Pubdate: Mon, 18 Sep 2017
Source: Ottawa Citizen (CN ON)
Copyright: 2017 Postmedia Network Inc.
Author: Tyler Dawson
Page: A1


While police in Ontario and Canada are worried they will not be
prepared in time for marijuana legalization, Attorney General Yasir
Naqvi says the provincial government is forging ahead, aiming to be
ready for the federal Liberals' July 1 legalization date, and he
expects police will manage to enforce the law once it passes.

"The federal government is fairly committed to the July 1 timeline.
They feel that they've provided sufficient time to everyone to get
prepared," Naqvi said by phone from Vancouver on Friday.

"Ontario is leading the pack at the moment." That said, Naqvi conceded
he would "keep the options open" if, at a later date, the Ontario
government needed to go to the federal government and say, whoa, y'all
need to slow this down. But, he reiterated repeatedly, following a
media conference after a meeting of provincial and territorial justice
ministers and federal counterpart Jody Wilson-Raybould, how committed
the Ontario Liberals were to hitting the deadline.

It's true that Ontario has got a decent amount done on the file, being
the first province, on Sept. 8, to present how it plans to sell pot
from LCBO-style establishments. Still, it hasn't released its tax
scheme, and the plans to shut down the dozens of illegal dispensaries
around Ontario haven't been particularly well explained or justified.

What Naqvi said about Ontario simply having to get ready in time -
which basically suggests that's the case whether everyone likes it or
not - revealed the crux of the issue of pot legalization: Justin
Trudeau's government did not provide a whole lot of guidance,
downloading many of the decisions, such as point of sale and age of
purchase, onto provincial governments. Some questions, it seems, just
haven't been considered: homegrown pot plants can only be 100
centimetres tall, but there's no width set, as the Canadian
Association of Chiefs of Police has noted. Yet it's going to be up to
police officers and pot retailers to handle whatever comes from
politicians and quite simply make the best of it.

The problem with this approach (not that it's unique in Canada, where
provinces shoulder a whole lot of the burden of running a country) is
that governments, at some point, are going to run out of people upon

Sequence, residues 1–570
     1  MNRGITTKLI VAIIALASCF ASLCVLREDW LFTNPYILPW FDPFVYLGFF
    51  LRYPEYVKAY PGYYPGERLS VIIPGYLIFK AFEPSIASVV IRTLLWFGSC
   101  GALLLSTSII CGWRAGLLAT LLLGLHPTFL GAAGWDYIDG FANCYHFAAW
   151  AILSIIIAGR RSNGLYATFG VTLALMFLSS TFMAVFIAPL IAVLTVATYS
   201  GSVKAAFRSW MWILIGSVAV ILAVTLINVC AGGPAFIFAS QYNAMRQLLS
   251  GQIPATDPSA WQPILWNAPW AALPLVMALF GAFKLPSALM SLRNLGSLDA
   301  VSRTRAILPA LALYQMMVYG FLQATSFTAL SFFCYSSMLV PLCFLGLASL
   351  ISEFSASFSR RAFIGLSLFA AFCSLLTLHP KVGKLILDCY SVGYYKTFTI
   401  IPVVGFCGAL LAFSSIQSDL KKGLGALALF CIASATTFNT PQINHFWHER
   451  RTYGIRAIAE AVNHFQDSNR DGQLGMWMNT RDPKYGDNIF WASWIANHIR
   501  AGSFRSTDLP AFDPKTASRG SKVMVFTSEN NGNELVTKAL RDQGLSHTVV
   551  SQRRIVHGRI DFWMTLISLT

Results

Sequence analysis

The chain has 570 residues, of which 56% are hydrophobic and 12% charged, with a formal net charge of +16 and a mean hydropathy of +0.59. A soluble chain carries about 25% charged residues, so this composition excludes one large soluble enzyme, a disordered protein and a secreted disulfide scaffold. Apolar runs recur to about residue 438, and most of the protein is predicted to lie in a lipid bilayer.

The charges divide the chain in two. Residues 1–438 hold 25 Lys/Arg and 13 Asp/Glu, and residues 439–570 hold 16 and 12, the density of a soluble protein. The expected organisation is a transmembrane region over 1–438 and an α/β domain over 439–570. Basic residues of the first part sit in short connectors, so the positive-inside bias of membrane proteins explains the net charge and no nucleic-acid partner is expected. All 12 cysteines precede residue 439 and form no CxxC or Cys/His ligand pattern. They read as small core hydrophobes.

which to off-load responsibility. The lack of guidance leaves those
who are going to be handling this brave new world day-to-day in an
awkward position. If something goes wrong, it's going to be someone's
fault. The only question is who. Last week, the House of Commons
health committee heard from witnesses on the marijuana bill, among
them, police, who were extremely blunt in their assessment of the
circumstances. "Canadian police services will not be equipped to
provide officers with the training and resources necessary to enforce
the new regime within the existing contemplated time frame," said a
brief from the Canadian Association of Chiefs of Police.

At the heart of this is a fairly serious conundrum: If criminalizing
pot use is wrong, then day by day it becomes less and less morally
defensible to enforce those laws and use them to press Canadians
through the legal system.

That means it makes wonderful ethical sense (not to mention political,
as this isn't a promise the Liberals want to fail on) to legalize
marijuana with all haste. It just might not make practical sense,
especially when it's police who are worried.

"If it were done when 'tis done, then 'twere well it were done
quickly," says Macbeth, a useful axiom, except that, in the case of
pot, it won't be done when it's done. Legalization will be merely the
beginning of whatever comes next, legally and socially.

Yes, the pot bill does legalize marijuana, but it also maintains a
criminal regime. Strict rules are set on how much pot one can have on
them (30 grams), how many plants can be grown in a home (four) and
drug-impaired driving. Police are going to be responsible for dealing
with this, and, if they're not confident they can enforce it, that
means there's trouble ahead.

Naqvi, for his part, seems to have faith in Ontario's officers of the

"I've always been struck by how hard they work and they always respect
the law, and, if there is a law that is ready, and it comes into force
on July 1, then I have full confidence that OPP and other police
services across the province would comply with it," he said.

Police, no doubt, will enforce the law as it exists. The issue is what
happens after that. Already, the spectre of shabby science on
detecting pot impairment on our roads has been raised. Politicians
have gone out of their way to insist how seriously the issue of
drug-impaired driving is being taken, and who can fault them? But the
police, who are going to be enforcing this, if they don't have the
requisite training and the necessary equipment, these details will be
fought out in courts, institutions that are already groaning under the
load of criminal cases on the docket.

This doesn't mean that slowing legalization is necessarily the answer.
It might be, it might not. But it does mean, that at some point, for
the federal government, postponing might be the best bet to ensure
people are safe, police are prepared and the whole system doesn't end
up hurting folks when it's supposed to be improving Canadian society.

Faith in the necessity - or virtues of legalized pot simply isn't
enough to make the new regime a success.
- ---
MAP posted-by: Matt